Another unique feature of mtDNA diseases arises from the fact that a typical human cell contains only one nucleus but hundreds of mitochondria. A single cell can contain both mutant and normal mitochondria, and the balance between the two will determine the cell’s health, which can also explain the range of symptoms in mtDNA diseases.
The risk of passing on a mitochondrial disease to a child depends on many factors, including whether the disease is caused by mutations in nDNA or mtDNA. To find out more about these risks, talk with a doctor or genetic counselor.
Some syndromes associated with mitochondrial disease are:
Features: Typical symptoms include cardiomyopathy, general muscle weakness, and a low white blood cell count, which leads to an increased risk of infection. This syndrome was once considered uniformly fatal in infancy, but some individuals are now living much longer.
Inheritance pattern: X-linked
Onset: usually in adolescence or early adulthood
Features: PEO is often a symptom of mitochondrial disease. In some people, it is a chronic, slowly progressive condition associated with instability to move the eyes and general weakness and exercise intolerance.
Inheritance pattern: autosomal, but may occur sporadically
Kearns-Sayre syndrome (KSS)
Onset: before age 20
Features: PEO (usually as the initial symptom) and pigmentary retinopathy, a “salt-and-pepper” pigmentation in the retina that can affect vision. Other common symptoms include cardiomyopathy, conduction block (a type of cardiac arrhythmia) ataxia, short stature, neuropathy, and deafness.
Inheritance pattern: autosomal (mostly sporadic)
Onset: infancy or early childhood
Features: Brain abnormalities that can result in abnormal muscle tone, ataxia, seizures, impaired vision and hearing, developmental delays, and respiratory problems. Infants with the disease have a poor prognosis.
Inheritance pattern: maternal, autosomal recessive, X-linked
Mitochondrial DNA depletion syndromes (MDDS)
Features: A myopathic form of MDDS is characterized by weakness that eventually affects the respiratory muscles. Some forms of MDDS, such as Alpers syndrome, are marked by brain abnormalities and progressive liver disease. The anticonvulsant sodium valproate should be used with caution in children with Alpers syndrome because it can increase the risk of liver failure.
Inheritance pattern: autosomal
Onset: childhood to early adulthood
Features: The hallmarks of MELAS are encephalomyopathy with seizures and/or dementia, lactic acidosis, and recurrent stroke-like episodes. These episodes are not typical strokes, which are interruptions in the brain’s blood supply that cause sudden neurological symptoms. However, the episodes can produce stroke-like symptoms in the short term (such as temporary vision loss, difficulty speaking, or difficulty understanding speech) and lead to progressive brain injury. The cause of the stroke-like episodes is unclear.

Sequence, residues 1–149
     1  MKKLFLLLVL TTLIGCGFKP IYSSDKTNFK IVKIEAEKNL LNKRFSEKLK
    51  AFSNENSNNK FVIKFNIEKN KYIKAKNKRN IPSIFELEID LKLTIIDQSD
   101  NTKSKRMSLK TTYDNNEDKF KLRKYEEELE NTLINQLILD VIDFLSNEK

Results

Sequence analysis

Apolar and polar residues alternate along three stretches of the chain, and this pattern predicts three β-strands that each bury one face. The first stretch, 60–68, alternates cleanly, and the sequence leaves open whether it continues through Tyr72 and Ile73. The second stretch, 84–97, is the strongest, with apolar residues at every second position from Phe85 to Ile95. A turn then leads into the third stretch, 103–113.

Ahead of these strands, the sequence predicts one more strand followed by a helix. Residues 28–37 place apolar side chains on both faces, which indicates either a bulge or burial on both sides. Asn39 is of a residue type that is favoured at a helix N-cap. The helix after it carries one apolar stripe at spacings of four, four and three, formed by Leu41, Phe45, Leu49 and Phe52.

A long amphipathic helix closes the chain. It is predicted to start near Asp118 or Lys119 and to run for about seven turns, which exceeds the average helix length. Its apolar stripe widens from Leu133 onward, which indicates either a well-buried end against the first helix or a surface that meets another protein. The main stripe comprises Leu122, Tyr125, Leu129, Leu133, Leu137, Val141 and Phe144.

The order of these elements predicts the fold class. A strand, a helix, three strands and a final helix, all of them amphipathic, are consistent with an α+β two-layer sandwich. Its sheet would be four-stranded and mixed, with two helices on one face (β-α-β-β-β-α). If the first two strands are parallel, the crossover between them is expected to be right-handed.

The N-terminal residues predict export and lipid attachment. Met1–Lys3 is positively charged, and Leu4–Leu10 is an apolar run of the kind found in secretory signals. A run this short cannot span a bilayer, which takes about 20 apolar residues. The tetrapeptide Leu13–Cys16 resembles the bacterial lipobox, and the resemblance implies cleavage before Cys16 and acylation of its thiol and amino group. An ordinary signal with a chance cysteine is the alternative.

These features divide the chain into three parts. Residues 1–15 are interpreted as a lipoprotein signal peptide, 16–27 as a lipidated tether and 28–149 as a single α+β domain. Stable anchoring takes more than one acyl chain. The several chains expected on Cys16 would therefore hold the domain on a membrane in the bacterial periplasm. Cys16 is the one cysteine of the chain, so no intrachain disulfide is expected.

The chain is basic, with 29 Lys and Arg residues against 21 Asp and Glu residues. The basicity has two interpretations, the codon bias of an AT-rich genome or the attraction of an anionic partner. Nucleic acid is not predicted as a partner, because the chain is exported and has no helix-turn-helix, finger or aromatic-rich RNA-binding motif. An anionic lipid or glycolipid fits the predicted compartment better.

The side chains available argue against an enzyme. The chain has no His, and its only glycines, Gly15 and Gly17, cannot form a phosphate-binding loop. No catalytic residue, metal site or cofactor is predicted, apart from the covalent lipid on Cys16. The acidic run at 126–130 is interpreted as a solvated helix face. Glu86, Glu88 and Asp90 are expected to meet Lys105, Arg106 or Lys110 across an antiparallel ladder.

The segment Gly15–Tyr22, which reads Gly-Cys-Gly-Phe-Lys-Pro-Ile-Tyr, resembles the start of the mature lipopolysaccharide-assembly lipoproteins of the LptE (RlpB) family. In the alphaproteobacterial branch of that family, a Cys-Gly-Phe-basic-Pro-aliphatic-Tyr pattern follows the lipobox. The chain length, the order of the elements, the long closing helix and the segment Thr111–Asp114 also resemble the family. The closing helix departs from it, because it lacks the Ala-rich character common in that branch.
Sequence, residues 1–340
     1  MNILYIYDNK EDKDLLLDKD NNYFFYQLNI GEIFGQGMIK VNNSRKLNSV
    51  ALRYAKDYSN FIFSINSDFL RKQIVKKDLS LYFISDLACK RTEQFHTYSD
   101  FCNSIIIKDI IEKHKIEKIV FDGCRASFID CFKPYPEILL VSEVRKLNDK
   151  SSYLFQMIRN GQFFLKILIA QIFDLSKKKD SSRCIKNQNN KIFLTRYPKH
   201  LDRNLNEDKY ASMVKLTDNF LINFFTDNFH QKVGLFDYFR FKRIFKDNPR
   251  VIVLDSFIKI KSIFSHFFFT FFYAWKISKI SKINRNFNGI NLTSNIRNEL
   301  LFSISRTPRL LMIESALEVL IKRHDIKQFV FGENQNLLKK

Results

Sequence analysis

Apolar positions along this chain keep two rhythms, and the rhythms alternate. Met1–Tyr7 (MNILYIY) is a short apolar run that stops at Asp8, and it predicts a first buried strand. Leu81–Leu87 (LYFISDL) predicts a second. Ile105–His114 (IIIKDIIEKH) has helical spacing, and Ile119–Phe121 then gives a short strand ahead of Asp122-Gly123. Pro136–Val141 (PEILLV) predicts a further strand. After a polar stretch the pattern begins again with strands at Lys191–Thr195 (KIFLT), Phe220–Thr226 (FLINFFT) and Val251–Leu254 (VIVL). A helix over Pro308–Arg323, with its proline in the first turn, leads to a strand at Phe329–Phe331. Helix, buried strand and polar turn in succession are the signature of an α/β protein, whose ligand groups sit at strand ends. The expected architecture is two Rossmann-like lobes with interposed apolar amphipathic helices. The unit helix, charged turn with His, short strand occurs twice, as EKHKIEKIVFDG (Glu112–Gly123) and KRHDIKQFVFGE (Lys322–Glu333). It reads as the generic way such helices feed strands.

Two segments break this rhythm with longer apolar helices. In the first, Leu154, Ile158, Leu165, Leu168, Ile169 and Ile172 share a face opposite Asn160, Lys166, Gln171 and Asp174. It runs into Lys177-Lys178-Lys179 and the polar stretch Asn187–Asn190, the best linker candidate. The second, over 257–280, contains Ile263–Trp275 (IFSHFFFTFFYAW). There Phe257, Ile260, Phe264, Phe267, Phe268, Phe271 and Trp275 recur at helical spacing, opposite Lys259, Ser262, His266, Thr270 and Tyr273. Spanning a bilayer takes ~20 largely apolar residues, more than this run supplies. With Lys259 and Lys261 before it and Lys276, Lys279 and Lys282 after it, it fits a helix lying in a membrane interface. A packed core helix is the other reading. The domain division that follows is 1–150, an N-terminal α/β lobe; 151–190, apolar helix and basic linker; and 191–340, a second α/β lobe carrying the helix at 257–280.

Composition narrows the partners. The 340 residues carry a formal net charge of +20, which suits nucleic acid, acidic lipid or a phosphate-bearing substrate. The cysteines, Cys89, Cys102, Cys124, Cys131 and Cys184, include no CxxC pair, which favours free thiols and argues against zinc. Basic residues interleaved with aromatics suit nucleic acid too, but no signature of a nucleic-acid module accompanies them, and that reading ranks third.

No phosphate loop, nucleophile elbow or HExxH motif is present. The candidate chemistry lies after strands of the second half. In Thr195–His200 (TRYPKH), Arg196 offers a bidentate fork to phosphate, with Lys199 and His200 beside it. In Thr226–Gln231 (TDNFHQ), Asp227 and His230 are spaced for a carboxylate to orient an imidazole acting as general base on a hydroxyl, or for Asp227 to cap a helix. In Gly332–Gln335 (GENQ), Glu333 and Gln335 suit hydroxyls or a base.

Inheritance pattern: maternal
Onset: usually before age 20
Features:This disorder is characterized by PEO, ptosis, limb weakness, and gastrointestinal (digestive) problems, including vomiting, chronic diarrhea, and abdominal pain. Another common symptom is peripheral neuropathy (a malfunction of the nerves that can lead to sensory impairment and muscle weakness).
Inheritance pattern: autosomal recessive
Myoclonus epilepsy with ragged red fibers (MERRF)
Onset: late childhood to adolescence
Features: The most prominent symptoms of MERRF are myoclonus (muscle jerks), seizures, ataxia, and muscle weakness. The disease also can cause hearing impairment and short stature.
Inheritance pattern: maternal
Onset: infancy to adulthood
Features: NARP is caused by an mtDNA mutation that is also linked to MILS, and the two syndromes can occur in the same family. In addition to the core symptoms for which it is named, NARP can involve developmental delay, seizures, and dementia. (Retinitis pigmentosa refers to a degeneration of the retina in the eye, with resulting loss of vision). Inheritance pattern: maternal
Features: This syndrome involves severe anemia and malfunction of the pancreas. Children who have the disease usually go on to develop Kearns-Sayre syndrome.
Inheritance pattern: autosomal (often sporadic)
The hallmark symptoms of mitochondrial myopathy include muscle weakness, exercise intolerance, impaired hearing and vision, ataxia, seizures, learning disabilities, heart defects, diabetes, and poor growth—none of which are unique to mitochondrial disease. However, a combination of three or more of these symptoms in one person strongly points to mitochondrial disease, especially when the symptoms involve more than one organ system.
To evaluate the extent of these symptoms, a physician usually begins by taking the individual’s medical history. Because mitochondrial diseases are genetic, a family history also is an important part of the diagnosis. Physical and neurological exams also will be part of the evaluation.
The physical exam typically includes tests of strength and endurance, such as an exercise test (which can involve activities like repeatedly making a fist). The neurological exam can include tests of reflexes, vision, speech, and basic cognitive (thinking) skills.
Typically, the doctor will order laboratory tests to look for diabetes and liver and kidney problems. The doctor is likely to order an electrocardiogram (EKG) to check the heart for signs of arrhythmia and cardiomyopathy.
Tests may be ordered to look for abnormalities in the brain and muscles. Diagnostic imaging that produce detailed pictures of organs, bones, and tissues, such as computed tomography (CT) or magnetic resonance imaging (MRI), might be used to inspect the brain for developmental abnormalities or signs of damage. In an individual who has seizures, the doctor might order an electroencephalogram (EEG), which involves placing electrodes on the scalp to record brain activity.